Democrats are eagerly awaiting the chance to question former Special Counsel Robert Mueller on his findings from the Russia investigation, but the timing of the sweltering summer hearings could give those same lawmakers reason to sweat.
Mueller is scheduled to appear before the House Judiciary and Intelligence committees on July 17. There is a more than reasonable chance that by that time, the Justice Department inspector general could release his highly anticipated report on the FBI’s use of the Foreign Intelligence Surveillance Act (FISA) system in the early stages of the Russia probe.
If that happens, President Trump's Republican allies who have long alleged FBI abuses as part of that process are sure to weaponize the report going into the hearings -- and could be poised to turn the tables on majority Democrats.
The president himself signaled his interest in that line of questioning in reacting to the Mueller hearing news in an interview Wednesday on Fox Business Network's "Mornings with Maria."
"They got caught and they're running around going wild trying to do everything they can, but they spied on my campaign, it's as simple as that," Trump said, referring to the probe's origins at the FBI. "It's so illegal, it's probably the biggest political scandal in history and they got caught doing it."
The FBI used a FISA warrant to monitor former Trump campaign adviser Carter Page, but Republicans claim they acquired the warrant under false pretenses. Rep. Devin Nunes, R-Calif., insists that the FBI improperly relied on the unverified dossier compiled by former British spy Christopher Steele as part of opposition research funded by the Clinton campaign. Nunes is on the Intelligence Committee, and would have the opportunity to ask Mueller about this directly.
Rep. John Ratcliffe, R-Texas, a member of both committees, said he has read the FBI’s unredacted warrant applications and claims they relied heavily on the Steele dossier, which he has described as “false and fake.”
“The question is, 'was there a proper predicate?’" Ratcliffe told Fox News' Laura Ingraham in April.
Ratcliffe, a former federal prosecutor, will now get the opportunity to ask this question to Mueller as well, and the IG report may provide fodder for more targeted questioning. Related subjects that GOP committee members could bring up are precisely what led to the launching of the probe, and at what point in the two-year investigation did Mueller realize he did not have the evidence to show an illegal conspiracy between the Trump campaign and Russia.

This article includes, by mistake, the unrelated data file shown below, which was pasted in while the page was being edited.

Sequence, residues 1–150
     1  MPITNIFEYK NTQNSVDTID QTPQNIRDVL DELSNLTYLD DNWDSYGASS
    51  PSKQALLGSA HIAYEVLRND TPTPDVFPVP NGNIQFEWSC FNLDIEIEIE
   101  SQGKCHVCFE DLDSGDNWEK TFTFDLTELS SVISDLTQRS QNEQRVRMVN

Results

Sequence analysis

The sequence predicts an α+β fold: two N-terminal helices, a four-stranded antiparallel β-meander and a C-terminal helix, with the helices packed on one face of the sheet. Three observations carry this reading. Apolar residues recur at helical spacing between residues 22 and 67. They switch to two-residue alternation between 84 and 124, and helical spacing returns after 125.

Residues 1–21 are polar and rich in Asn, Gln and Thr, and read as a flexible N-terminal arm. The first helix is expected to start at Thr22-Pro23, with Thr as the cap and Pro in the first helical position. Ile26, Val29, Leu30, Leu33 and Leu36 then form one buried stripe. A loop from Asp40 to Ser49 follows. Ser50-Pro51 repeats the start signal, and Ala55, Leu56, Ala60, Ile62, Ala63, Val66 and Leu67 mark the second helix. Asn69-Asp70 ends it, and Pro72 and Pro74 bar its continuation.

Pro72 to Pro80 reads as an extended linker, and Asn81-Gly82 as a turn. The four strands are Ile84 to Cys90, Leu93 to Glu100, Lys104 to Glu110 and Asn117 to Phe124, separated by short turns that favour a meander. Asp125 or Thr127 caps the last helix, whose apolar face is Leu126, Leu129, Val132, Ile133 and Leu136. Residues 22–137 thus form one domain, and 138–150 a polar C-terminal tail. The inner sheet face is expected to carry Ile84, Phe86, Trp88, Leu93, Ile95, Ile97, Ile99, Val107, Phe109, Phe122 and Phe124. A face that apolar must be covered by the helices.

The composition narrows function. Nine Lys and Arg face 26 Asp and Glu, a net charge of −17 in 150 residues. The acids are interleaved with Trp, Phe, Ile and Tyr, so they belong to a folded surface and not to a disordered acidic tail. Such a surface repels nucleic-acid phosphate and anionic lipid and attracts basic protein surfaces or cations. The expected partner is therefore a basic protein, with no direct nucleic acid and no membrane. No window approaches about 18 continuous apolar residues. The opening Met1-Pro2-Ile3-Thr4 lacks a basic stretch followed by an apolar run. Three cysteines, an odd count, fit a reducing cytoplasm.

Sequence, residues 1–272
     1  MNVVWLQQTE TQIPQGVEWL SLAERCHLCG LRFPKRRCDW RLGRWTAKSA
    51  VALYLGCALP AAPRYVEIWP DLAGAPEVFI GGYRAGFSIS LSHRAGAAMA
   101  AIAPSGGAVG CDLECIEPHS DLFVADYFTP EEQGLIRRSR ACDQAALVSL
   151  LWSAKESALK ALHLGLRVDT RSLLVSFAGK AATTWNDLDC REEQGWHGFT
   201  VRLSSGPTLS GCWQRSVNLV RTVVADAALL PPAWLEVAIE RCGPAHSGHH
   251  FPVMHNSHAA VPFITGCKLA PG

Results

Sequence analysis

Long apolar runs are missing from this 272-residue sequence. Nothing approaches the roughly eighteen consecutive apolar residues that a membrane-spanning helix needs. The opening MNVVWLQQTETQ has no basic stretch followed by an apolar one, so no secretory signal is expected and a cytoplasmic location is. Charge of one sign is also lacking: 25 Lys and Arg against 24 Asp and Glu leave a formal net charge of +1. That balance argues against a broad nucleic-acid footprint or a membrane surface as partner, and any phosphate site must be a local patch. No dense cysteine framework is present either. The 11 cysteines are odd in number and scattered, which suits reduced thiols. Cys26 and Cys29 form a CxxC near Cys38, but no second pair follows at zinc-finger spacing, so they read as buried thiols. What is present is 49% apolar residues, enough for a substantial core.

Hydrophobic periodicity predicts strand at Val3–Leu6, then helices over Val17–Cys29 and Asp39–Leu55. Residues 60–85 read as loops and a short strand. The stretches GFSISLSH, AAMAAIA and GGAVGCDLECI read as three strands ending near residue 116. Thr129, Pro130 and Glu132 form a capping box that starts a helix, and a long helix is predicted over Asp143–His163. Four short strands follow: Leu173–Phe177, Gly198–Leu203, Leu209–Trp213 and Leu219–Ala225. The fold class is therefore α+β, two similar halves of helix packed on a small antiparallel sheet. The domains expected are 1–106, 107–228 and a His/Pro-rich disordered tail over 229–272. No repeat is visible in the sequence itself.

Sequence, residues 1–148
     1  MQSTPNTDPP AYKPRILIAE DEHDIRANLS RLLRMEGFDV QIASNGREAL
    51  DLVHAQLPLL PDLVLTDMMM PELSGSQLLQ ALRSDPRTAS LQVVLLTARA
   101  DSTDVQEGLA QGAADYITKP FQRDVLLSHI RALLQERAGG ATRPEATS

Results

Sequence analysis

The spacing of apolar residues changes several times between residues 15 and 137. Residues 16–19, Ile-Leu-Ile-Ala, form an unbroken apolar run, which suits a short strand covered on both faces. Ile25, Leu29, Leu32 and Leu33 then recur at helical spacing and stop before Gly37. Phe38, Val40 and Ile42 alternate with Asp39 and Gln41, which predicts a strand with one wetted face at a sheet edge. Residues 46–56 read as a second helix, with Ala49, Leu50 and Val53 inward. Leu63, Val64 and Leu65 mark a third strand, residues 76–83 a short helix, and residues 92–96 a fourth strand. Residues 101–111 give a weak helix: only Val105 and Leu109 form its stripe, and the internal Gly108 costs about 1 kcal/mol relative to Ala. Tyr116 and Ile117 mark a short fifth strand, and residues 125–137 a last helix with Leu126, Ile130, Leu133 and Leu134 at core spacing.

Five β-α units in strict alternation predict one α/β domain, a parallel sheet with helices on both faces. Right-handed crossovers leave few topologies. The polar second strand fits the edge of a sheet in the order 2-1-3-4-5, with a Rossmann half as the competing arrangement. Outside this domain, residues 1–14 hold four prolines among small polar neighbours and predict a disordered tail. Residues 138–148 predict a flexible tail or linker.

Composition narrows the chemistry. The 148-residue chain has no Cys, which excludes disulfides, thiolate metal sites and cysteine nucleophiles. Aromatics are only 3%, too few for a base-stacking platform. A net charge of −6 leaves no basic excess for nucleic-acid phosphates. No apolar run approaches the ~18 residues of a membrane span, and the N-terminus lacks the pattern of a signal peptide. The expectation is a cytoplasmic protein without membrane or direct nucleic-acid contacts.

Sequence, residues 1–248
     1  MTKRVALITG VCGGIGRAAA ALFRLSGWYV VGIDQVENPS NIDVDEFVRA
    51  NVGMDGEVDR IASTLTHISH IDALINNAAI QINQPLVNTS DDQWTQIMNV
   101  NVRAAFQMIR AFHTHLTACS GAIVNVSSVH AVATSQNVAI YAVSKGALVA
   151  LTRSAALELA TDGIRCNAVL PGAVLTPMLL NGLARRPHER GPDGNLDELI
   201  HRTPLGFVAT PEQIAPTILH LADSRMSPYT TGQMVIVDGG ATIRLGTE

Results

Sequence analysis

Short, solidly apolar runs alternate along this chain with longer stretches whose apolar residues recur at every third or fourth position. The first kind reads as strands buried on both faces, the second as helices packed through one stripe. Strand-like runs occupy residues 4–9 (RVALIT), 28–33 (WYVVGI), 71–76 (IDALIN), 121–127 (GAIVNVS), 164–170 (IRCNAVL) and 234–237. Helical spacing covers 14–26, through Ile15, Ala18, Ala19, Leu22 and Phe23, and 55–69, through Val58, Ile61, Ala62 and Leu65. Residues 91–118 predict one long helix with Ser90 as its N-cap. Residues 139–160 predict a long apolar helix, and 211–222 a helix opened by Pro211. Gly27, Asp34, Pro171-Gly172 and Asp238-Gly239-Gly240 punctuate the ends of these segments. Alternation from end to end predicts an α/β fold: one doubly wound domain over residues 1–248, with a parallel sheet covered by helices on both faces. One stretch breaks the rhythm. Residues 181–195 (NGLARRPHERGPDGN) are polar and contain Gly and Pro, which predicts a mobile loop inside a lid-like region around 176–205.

Rep. Matt Gaetz, R-Fla., is on the Judiciary Committee and he told Fox News’ Shannon Bream on Tuesday that he is interested in asking Mueller about how former FBI special agent Peter Strzok and attorney Lisa Page were brought onto the investigative team, despite both having worked on the Hillary Clinton email probe. “That’s not something you would normally see,” Gaetz said. He also pointed to the appearance of a general Democratic-leaning among the members of Mueller’s team.
“We have legitimate questions about how all these people ended up on the Mueller team that had a history of donating financially to Democrats and there didn’t seem to be sufficient balance,” Gaetz said while acknowledging that there could be “reasonable answers to those questions.”
Other Republicans primed to ask tough questions include Rep. Doug Collins, R-Ga., top Republican on the Judiciary panel, and Rep. Jim Jordan, R-Ohio.
“Bob Mueller better be prepared," Rep. Mark Meadows, R-N.C., a leader of the conservative House Freedom Caucus, told Ingraham. "Because I can tell you, he will be cross-examined for the first time and the American people will start to see the flaws in his report."
Democrats, meanwhile, are hoping to use the hearing to pry additional details from Mueller, about the president's possible Russia ties and more.
“Robert Mueller has agreed to testify before Congress pursuant to subpoena,” Intelligence Committee Chairman Adam Schiff, D-Calif., tweeted late Tuesday. “Russia attacked our democracy to help Trump win. Trump welcomed and used that help. As Mueller said, that should concern every American. And now, every American will get to hear directly from Mueller.”
Schiff has previously outlined the avenues of questioning he would intend to pursue with Mueller at the witness stand – and made clear he would press for detailed answers despite the former special counsel’s stated reluctance to testify.
“It's not enough merely to speak for 10 minutes and say, 'I'm not going to answer questions for Congress and the American people.' There are a great many things that are not in the report,” he told ABC’s “This Week” earlier this month. "We want to find out what happened to those counterintelligence findings that were sent back to headquarters. And in terms of if the president is vulnerable of influence from Russia."
Those statements came after Mueller said in late May, in his first public remarks in more than two years, "The report is my testimony." He further said that if he were to be called to speak under oath, he would not say anything other than what is already in his report.
The Mueller report did not find evidence of a criminal conspiracy between Trump associates and Russia – and while it did not reach a conclusion on whether the president obstructed justice, Attorney General Bill Barr determined there was not enough evidence to support such a case.
But the report detailed numerous incidents that were reviewed as part of the obstruction inquiry, including an allegation that Trump sought to have Mueller removed, as well as contacts between Russian officials and Trump associates. Schiff, in a statement in late May, cited those “countless contacts” as he began more aggressively calling for Mueller’s testimony.
Fox News' Greg Wilson contributed to this report.